Although it is not known whether Tissot visited London in the 1860s, the French painter had already oriented his subjects and style to suit British taste by the time he moved there in 1871. Like many fellow artists—for example, Monet, Pissarro, and Degas—he sought to escape the tumult and aftermath of the civil war in Paris that followed the Prussian defeat of France. He immediately immersed himself in the London scene, with work for Vanity Fair and genre paintings with the Thames as backdrop. Hoping to bank on the success he had in France with historical genre pictures peopled with fancifully costumed Incroyables and Merveilleuses (young Parisians of the Directoire period who paraded in extraordinary and exaggerated dress), he painted several anecdotal scenes set in late-eighteenth-century London.
Bad News (National Museum of Wales, Cardiff), shown to great acclaim at the 1872 London International Exhibition, was one of the first and most successful of Tissot's British genre scenes. It shows a young ship's captain and his girlfriend absorbing the news of his imminent departure while a companion prepares tea. Evidently encouraged by the positive reception, Tissot made two further pictures. An Interesting Story (National Gallery of Victoria, Melbourne) was perhaps conceived as a pendant to Bad News, and was exhibited at the Royal Academy the same year, 1872 (the figures are different but they are located in the same interior, with a new view through the window). The third in this group of related subjects is the present work, Tea.
Tea is essentially a replica of the left-hand side of Bad News. Nevertheless, there are numerous differences between the two pictures, some notable. Indeed Michael Wentworth characterizes such works of the early 1870s as "variations" rather than "replicas" (1984, p. 20). The table-leaf, dropped in Bad News, is here extended to reveal more of the young lady’s dress, and thus the entire table is moved to the right. The view beyond the windows is here more decidedly urban and recognizably London. An Interesting Story and Tea seem to share the same view of the Thames; the bay window seen here and in other paintings may be the same one shown from the exterior in The Captain’s Daughter (1873; Southampton Art Gallery) and The Three Crows Inn, Gravesend (ca. 1873; National Gallery of Ireland, Dublin). The silver tea service (but not the porcelain, which shows coffee cans rather than tea cups) and the play of light, especially on the face, are different as well. There are other, less obvious small discrepancies in the hat ribbons and the ruff of the apron along the back, and the young woman has lost her earring.
While Bad News and An Interesting Story could conceivably be hung as pendants, Tea is too similar to both to be exhibited together with them. Hence, it must have been an independent work designed to entice a collector through its association with the first two well-regarded exhibition pictures. For this variant, Tissot reveled in the variety of surfaces—brilliant silver, polished mahogany, matte silk, and flawless skin—and in the complex play of patterns—venetian blinds, slotted shutters, striped silk, and the masts and rigging of the ships at port. Nevertheless, it seems that all three works were made within a short span. A drawing (private collection), formerly in the collection of Edgar Degas, has a study for An Interesting Story on one side, and a study, perhaps made after rather than for Bad News, on the reverse. This drawing may well have been used in the creation of Tea, which is dated 1872.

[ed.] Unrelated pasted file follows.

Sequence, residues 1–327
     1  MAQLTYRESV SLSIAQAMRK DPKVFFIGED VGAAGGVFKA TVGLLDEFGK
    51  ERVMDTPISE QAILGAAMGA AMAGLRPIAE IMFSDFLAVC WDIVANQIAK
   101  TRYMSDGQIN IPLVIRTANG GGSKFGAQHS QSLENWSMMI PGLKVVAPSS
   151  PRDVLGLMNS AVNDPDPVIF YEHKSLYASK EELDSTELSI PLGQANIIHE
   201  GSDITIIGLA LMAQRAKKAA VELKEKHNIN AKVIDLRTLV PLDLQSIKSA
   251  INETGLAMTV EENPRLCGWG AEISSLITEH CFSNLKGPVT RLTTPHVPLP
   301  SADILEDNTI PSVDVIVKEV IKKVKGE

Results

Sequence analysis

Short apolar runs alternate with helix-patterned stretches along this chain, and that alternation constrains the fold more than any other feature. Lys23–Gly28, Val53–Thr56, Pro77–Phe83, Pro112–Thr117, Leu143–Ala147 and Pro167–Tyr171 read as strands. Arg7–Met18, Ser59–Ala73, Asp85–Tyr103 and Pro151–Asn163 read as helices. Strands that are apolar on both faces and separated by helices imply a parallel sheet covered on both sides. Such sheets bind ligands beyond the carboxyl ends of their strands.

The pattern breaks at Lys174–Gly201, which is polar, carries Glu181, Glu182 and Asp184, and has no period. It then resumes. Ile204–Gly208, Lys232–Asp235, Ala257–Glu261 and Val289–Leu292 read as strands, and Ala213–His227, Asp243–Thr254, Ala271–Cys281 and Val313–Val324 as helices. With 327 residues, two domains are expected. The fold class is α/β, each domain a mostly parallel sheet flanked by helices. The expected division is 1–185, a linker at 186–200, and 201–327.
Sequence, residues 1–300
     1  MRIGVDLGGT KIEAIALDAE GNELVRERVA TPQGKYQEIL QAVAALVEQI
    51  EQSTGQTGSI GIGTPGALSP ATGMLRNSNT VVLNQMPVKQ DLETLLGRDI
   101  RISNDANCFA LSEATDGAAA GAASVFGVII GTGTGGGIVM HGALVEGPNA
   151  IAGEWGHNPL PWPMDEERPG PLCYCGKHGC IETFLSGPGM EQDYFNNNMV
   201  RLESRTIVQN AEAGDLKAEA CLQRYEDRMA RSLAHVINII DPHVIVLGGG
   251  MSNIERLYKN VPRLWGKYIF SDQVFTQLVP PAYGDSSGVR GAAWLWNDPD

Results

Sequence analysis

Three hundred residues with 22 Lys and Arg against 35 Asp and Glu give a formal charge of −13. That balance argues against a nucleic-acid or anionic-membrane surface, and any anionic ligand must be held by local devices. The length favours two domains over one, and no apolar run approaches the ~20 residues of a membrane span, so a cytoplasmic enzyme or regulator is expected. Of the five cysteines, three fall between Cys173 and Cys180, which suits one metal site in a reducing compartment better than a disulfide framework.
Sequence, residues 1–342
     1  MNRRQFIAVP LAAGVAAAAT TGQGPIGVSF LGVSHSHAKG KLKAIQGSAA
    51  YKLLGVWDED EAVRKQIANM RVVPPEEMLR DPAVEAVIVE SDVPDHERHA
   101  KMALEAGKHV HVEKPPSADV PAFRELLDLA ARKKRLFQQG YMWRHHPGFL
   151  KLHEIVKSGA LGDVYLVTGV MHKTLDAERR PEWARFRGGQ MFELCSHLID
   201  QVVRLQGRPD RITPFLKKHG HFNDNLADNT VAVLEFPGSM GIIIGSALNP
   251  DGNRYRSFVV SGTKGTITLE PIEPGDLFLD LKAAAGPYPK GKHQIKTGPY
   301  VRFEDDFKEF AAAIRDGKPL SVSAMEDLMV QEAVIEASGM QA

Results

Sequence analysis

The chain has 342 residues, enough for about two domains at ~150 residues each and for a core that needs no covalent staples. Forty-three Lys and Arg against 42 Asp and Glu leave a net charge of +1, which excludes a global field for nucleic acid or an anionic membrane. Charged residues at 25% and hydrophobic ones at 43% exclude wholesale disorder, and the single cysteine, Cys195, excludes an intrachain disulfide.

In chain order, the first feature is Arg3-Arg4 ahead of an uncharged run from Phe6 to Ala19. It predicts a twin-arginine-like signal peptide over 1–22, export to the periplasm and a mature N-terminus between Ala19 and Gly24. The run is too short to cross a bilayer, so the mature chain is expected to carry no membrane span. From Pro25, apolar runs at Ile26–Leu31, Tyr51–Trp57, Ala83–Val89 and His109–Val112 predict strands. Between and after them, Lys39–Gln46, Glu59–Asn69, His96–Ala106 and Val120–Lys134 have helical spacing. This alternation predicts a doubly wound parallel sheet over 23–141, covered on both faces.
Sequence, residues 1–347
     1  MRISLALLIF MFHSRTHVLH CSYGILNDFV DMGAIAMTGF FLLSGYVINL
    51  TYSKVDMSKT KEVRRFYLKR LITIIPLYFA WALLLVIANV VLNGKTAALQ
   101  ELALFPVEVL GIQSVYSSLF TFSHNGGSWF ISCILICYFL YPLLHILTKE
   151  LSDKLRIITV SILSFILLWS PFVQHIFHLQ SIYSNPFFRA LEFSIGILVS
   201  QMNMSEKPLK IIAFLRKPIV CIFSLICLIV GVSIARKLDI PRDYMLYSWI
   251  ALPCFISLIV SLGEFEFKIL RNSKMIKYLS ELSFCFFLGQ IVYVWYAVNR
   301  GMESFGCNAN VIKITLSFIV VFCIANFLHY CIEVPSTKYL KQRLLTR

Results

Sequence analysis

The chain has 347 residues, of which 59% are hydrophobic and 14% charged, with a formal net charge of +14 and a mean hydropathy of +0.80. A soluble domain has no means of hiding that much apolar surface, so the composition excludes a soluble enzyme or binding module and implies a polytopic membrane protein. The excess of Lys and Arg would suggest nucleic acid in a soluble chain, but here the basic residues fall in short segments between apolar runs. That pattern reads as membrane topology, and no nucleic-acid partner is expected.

This procedure is identical to that used by Edgar Degas at approximately the same time. For example, Degas's two pictures of The Rehearsal of the Ballet on the Stage (MMA 29.100.39 and 29.160.26) are very close variants of the same composition, for which the same drawings were used, but the resulting compositions have important differences—perhaps improvements—nonetheless. (See Michael Pantazzi in Degas, exh. cat., New York, 1988, pp. 225–30.) Not only were Degas and Tissot good friends before and after the Franco-Prussian War, but Degas often sought advice from Tissot and hoped to emulate his success with commercial illustration and genre pictures. Degas hoped that Tissot could help him sell The Rehearsal on the Stage as a commercial illustration, and his Portraits in an Office (New Orleans) of 1873 was specifically conceived to lure a client along the lines of Tissot's British clientele, as suggested by Degas's letter to him from New Orleans: "And you, what news is there since the 700 pounds? You with your terrible activity would be capable of drawing money out of this crowd of cotton brokers and cotton dealers, etc." (In 1878, this would become the first work by Degas to enter a public collection, the Musée des Beaux-Arts, Pau, which acquired it for 2,000 francs; Degas’s letter to Tissot is dated November 19, 1872: see Marcel Guerin, ed., Edgar Germain Hilaire Degas Letters, Oxford, 1947, p. 18).
[adapted from Tinterow and Miller 2005; revised by Miller, 2014]